Wednesday, July 15, 2009

My daughter's tragedy: U.S. health care in a nutshell.


Now it's a bit more personal. My daughter's partner has suffered a health care catastrophe that threatens to leave them in poverty for the rest of their lives. And it's not necessarily his illness that will do the damage; it's our greed-driven, heartless, for-profit shell-game of a health care 'system'.

Like millions of Americans, my daughter's boyfriend lost his job this year. His unemployment was a direct result of the banksters' rape of the economy, which is a whole 'nuther story. And of course, with his job went his health insurance. He was offered temporary COBRA coverage, for a thousand dollars a month. For a healthy 30 year old with zero income and a mortgage to pay, that's a sick joke. So, like millions of Americans—but unlike anyone in Canada, England, France, Germany, Japan...—he was forced to go without health insurance. Affluent wingnuts and corporate conservatives like to claim that people like my prospective son in law are making a "choice", that they're refusing to carry health insurance so they can buy a big screen TV. That's bullshit. The working poor fail to carry health insurance because they simply cannot afford it. Period.

One night last week my daughter watched in horror as her partner started having a seizure in their living room. The seizures didn't stop until he was intubated, paralyzed and anesthetized at the hospital. The prolonged seizures caused his muscles to break down, leaking so much protein into his blood stream that his kidneys failed the next day. A CT scan revealed a brain tumor, which was the cause of his seizures. He's awake, walking and talking now. He's getting dialysis every day. If he's lucky, his kidneys will recover, and he'll undergo an MRI scan followed by a biopsy in a few weeks. If he's very, very lucky, the tumor will be benign and he'll have surgery to remove it next month. If he's unlucky and it's a physician I know all too well what's in store for him down the road.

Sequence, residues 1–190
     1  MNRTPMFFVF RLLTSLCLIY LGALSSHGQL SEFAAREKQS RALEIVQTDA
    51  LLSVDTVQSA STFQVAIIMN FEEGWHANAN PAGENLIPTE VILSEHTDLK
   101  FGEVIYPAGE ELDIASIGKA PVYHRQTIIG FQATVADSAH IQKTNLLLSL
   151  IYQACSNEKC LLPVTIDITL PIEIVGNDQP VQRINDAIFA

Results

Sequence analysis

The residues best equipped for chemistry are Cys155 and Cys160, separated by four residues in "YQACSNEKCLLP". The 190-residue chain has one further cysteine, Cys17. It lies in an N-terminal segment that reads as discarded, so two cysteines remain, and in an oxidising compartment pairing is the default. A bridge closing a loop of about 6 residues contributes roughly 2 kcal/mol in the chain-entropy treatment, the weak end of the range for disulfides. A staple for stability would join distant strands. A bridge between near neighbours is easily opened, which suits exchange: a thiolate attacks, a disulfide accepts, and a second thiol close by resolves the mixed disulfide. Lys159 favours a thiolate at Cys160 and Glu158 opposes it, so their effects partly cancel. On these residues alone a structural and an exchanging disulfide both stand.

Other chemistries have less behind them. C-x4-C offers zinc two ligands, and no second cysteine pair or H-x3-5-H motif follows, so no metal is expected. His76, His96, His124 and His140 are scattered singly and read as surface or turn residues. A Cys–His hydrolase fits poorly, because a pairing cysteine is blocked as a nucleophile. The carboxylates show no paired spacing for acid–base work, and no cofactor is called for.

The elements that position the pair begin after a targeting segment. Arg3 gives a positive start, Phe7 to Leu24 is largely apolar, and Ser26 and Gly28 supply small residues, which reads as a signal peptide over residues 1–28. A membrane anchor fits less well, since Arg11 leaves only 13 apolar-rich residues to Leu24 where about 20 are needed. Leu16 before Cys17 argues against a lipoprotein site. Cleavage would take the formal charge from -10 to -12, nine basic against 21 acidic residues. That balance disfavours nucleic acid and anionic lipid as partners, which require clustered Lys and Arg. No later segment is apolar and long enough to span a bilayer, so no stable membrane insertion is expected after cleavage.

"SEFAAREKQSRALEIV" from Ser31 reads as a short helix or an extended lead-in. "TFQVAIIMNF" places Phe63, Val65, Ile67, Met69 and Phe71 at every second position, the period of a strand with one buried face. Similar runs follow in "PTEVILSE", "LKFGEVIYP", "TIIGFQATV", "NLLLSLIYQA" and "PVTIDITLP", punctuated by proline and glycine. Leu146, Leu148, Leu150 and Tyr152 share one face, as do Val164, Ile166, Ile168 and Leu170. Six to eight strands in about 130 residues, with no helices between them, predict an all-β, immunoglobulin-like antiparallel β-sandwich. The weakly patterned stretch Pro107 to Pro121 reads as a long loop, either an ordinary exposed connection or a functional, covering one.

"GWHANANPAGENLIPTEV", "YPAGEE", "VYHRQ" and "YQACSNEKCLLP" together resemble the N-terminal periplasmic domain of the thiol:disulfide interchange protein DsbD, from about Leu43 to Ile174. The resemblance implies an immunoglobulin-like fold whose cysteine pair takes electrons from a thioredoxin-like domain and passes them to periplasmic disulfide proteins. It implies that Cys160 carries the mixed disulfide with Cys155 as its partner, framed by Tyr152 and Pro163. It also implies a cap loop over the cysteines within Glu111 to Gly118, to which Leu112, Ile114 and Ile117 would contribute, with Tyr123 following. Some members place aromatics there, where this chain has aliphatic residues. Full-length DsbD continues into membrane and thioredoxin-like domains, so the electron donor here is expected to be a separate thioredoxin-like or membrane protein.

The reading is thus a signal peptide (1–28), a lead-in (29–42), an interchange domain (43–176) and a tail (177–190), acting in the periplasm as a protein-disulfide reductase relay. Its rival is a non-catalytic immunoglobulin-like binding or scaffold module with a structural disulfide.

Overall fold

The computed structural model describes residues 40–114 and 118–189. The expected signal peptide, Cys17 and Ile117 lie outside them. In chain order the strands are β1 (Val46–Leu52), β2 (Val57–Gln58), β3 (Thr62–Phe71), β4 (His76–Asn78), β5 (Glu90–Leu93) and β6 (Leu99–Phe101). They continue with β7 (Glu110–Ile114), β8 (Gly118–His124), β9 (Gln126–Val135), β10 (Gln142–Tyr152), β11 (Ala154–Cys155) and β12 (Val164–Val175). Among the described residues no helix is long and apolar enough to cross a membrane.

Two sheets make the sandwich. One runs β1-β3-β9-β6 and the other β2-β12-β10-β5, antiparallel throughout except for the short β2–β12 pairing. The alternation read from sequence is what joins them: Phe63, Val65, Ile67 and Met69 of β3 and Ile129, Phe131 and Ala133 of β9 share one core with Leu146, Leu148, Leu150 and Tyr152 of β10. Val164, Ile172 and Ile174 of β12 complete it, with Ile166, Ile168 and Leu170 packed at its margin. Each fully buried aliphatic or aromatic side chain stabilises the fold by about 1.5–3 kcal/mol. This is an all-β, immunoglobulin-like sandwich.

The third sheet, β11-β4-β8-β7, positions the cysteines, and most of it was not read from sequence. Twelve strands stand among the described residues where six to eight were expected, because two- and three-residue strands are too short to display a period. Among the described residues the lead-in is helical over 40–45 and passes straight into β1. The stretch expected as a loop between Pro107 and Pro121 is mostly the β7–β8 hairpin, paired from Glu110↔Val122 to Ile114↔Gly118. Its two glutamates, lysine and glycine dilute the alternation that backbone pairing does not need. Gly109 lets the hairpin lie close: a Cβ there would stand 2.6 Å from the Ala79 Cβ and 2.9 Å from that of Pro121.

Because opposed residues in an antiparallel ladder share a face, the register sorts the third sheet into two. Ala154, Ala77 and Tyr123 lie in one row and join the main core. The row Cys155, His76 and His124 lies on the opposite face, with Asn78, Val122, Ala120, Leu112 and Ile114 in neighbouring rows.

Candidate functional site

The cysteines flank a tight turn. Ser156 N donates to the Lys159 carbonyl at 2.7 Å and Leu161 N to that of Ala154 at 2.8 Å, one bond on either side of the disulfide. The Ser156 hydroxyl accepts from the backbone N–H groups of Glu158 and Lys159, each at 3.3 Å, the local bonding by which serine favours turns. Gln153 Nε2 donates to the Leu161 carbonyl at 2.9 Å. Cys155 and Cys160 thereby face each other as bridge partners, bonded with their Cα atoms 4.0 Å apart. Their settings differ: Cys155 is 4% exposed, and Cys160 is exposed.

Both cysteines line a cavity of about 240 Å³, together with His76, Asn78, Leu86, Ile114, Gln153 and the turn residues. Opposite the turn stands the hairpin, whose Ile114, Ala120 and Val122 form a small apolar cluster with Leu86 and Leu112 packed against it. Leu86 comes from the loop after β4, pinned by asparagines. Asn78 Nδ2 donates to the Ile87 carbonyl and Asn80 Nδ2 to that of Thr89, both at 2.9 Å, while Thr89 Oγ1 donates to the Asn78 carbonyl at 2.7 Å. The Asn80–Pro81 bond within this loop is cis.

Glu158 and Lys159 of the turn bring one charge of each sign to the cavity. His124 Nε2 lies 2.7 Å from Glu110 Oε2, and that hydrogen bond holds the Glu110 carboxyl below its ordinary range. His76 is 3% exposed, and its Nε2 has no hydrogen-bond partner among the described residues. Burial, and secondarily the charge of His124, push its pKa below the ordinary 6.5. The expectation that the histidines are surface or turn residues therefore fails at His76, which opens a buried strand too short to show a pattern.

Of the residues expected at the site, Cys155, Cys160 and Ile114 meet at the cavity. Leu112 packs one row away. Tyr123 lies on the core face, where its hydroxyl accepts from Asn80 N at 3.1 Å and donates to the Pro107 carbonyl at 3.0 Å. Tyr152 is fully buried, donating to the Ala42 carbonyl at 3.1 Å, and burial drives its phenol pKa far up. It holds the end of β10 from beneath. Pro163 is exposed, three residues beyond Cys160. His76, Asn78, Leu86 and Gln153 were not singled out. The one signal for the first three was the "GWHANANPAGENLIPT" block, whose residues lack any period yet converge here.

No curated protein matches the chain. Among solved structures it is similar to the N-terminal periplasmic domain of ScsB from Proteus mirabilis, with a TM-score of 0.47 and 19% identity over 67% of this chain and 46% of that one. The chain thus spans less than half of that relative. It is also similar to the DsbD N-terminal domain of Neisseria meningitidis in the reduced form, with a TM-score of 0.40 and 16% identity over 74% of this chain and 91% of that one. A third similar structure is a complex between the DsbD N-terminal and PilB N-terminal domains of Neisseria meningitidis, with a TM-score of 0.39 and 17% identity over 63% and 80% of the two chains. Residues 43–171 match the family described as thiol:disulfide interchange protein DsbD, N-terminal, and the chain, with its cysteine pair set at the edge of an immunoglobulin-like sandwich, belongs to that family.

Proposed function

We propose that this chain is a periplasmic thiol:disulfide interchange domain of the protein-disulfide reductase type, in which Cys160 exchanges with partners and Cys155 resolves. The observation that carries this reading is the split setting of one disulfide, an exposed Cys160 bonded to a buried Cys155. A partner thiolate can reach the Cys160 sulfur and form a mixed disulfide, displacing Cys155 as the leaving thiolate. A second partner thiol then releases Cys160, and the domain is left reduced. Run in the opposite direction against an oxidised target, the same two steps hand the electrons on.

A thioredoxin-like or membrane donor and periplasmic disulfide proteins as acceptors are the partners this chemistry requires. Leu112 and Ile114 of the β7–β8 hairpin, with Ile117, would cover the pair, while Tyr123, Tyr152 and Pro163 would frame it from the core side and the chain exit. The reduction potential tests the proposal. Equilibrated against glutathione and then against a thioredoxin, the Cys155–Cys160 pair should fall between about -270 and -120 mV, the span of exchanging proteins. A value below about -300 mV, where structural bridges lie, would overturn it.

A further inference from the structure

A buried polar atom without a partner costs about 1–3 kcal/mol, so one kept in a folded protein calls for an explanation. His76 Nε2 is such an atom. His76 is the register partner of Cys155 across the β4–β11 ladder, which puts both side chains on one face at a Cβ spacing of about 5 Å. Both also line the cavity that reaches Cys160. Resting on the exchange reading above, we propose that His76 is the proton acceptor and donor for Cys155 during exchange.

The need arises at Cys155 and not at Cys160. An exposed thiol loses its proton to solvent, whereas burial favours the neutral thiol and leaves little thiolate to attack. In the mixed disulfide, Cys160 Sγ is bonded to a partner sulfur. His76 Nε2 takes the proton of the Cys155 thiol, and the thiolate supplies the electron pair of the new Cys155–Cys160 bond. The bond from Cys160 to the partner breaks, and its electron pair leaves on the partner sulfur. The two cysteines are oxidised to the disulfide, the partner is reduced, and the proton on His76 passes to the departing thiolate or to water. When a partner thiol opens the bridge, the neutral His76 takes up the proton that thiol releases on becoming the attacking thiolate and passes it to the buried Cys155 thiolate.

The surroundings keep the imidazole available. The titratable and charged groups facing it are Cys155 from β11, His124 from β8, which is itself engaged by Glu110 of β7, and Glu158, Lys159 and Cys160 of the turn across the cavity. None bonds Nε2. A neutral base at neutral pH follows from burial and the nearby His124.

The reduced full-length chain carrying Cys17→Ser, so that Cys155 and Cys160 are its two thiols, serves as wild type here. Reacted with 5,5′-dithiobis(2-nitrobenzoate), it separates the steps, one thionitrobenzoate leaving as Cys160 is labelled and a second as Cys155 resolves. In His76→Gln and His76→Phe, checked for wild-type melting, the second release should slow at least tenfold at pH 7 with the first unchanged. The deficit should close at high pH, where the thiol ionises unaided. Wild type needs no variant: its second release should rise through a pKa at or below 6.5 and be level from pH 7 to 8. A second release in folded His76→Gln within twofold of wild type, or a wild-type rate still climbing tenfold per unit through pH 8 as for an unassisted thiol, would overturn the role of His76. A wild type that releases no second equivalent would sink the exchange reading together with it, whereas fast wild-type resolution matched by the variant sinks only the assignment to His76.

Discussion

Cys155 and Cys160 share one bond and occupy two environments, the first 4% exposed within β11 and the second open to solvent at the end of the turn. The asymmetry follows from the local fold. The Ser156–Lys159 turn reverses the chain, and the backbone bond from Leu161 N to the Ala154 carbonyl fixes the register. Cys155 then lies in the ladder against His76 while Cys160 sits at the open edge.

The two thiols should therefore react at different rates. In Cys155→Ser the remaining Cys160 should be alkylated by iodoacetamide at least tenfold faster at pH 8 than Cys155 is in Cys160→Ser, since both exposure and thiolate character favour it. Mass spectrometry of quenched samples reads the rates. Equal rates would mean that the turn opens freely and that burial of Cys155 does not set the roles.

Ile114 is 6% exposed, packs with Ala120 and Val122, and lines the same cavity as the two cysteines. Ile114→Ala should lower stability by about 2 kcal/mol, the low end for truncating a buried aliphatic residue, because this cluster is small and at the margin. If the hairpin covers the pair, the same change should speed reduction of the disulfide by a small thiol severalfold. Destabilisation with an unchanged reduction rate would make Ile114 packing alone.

The quality of the care my daughter's partner has received has been excellent. But no matter how 'lucky' he is, his life has been ruined by the health care 'system'. Upon discharge he will be presented with a bill for somewhere north of $150,000. Every pill, every dialysis treatment, just adds to the mountain of debt. (By the time his treatment is complete, it's likely to total somewhere close to a half a million dollars.) The hospital is talking about 'financial assistance', meaning a discount on the bill. That should knock it down from $150,000 to a mere $120,000.

Will that be cash, check or charge?

My daughter's partner will be utterly, completely, permanently uninsurable due to his medical history.


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